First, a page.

“Press one for more options.”
“I want to talk to a representative.”
“I’m sorry, I didn’t catch that. Press one for more options.”
If you desire more human interaction when making phone calls or searching the Internet, the outlook for that is often bleak. Instead, you are prompted to speak with a chatbot, a robotic assistant that functions as the automated voice answering services, popup chats, and more. On the phone, the robot disguised as a recorded human voice prompts you to press numbers along the windy path to answering a question or getting the information you need. While doing an Internet search on a website, sometimes a chat box with a person’s face will pop up and ask you if you’d like to talk. Most often, those faces are not the actual people typing, at least initially. In all cases, the chatbot feature allows for customer service to begin without manual human effort.
What do the robot woman on the phone at the bank and the woman on your smartphone all have in common? Essentially, voice assistants are for personal use while chatbots are for businesses. Voice assistants like Siri, Alexa and Cortana help individuals. Chatbots are designed for the public, leading them down a funnel that hopes to solve problems in an automated way. If necessary, though, chatbots may eventually result in speaking to an actual human.
In 2019, 40% of businesses will be using chatbots. The same study shows that in that group, 46% will use them for voice commands, 26% for team collaboration efforts, 24% help with scheduling, 14% for customer service, and 13% for IT management purposes. In all, 16% of companies are currently using artificial intelligence (AI) for sales and marketing. Those numbers are bound to increase over time.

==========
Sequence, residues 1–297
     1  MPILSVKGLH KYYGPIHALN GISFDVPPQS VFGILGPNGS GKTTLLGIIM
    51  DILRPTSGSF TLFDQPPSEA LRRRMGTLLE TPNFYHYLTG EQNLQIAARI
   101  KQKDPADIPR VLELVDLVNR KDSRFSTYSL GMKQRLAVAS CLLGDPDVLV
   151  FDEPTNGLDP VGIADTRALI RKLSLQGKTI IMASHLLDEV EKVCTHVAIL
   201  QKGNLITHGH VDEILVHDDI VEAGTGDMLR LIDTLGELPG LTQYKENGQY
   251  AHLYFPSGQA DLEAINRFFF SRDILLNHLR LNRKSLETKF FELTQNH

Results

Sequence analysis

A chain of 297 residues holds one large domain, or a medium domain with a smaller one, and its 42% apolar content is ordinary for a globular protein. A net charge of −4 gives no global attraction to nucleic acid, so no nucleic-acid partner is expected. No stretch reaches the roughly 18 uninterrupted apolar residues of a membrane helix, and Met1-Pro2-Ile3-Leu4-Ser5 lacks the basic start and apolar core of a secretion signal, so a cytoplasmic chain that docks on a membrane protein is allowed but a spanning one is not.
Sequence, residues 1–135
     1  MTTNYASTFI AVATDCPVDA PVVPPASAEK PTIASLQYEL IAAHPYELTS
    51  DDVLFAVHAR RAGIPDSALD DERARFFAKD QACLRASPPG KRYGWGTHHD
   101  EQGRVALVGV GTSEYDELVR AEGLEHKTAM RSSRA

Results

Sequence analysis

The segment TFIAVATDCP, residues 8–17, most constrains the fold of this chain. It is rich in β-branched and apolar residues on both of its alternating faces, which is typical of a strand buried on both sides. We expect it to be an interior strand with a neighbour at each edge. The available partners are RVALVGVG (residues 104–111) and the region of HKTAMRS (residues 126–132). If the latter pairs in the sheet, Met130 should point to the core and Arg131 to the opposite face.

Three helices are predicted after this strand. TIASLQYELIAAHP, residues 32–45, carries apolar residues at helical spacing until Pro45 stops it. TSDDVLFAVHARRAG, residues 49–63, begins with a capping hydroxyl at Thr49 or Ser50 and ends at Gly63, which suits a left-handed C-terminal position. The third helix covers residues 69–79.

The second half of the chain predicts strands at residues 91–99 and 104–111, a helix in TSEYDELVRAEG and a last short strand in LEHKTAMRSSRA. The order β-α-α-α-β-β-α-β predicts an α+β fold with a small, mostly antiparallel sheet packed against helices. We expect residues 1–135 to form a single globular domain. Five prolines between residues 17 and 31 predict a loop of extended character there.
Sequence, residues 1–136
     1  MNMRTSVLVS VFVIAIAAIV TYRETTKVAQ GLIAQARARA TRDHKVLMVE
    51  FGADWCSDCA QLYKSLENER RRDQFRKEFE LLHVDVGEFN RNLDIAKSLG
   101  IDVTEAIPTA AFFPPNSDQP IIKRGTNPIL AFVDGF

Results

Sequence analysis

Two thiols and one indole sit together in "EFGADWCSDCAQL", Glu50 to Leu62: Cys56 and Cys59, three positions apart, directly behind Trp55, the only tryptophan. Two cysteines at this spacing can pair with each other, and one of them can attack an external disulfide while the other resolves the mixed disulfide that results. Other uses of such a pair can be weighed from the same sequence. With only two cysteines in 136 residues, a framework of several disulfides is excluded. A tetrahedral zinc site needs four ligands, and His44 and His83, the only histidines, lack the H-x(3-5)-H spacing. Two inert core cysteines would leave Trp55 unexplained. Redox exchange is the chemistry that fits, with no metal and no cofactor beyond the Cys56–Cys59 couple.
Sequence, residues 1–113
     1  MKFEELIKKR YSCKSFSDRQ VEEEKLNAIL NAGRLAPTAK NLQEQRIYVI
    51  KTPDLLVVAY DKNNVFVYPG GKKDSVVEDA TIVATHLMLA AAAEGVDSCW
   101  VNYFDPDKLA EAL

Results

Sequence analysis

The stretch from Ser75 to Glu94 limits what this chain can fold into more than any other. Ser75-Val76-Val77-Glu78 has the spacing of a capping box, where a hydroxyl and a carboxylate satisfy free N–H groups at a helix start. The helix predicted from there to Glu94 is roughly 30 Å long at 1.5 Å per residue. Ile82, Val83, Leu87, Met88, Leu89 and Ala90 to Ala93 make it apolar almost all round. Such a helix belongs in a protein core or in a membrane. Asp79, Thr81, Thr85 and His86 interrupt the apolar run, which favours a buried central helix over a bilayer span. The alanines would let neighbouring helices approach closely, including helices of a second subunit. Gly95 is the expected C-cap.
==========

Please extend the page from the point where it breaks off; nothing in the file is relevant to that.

When executed well, the rewards of using this technology are numerous, particularly for big businesses. Chatbots’ natural language processing (NLP) capabilities make them robust virtual assistants. Their increasing intelligence can also provide companies with data about their customers.
Chatbots are becoming very common, but not all companies are buying into the trend so easily. About 50% of organizations have not started using chatbots or AI because of concerns with privacy, security and costs.
Peter Tsai, a senior technology analyst at Spiceworks, comments on the chatbot trend, “While AI has the potential to drastically alter life as we know it, the technology is still in its infancy. As a result, many companies aren’t thinking about the tools and expertise they’ll need to support artificial intelligence.”
The clear trajectory of chatbots makes preparing for them a must-do for businesses. Obtaining education on the technology’s inner workings, implementing best practices, and beginning implementation at a comfortable pace is advisable.
Despite the trend, the common fear that robots will replace humans is not as urgent a threat as many think. For the most part, businesses are investing in improving employee skills instead of replacing them with machines. Even still, the humans who design customer service could often use a little more humanity. Empathy seems to be the missing element in most situations. Whether chatbots can learn that, only time will tell.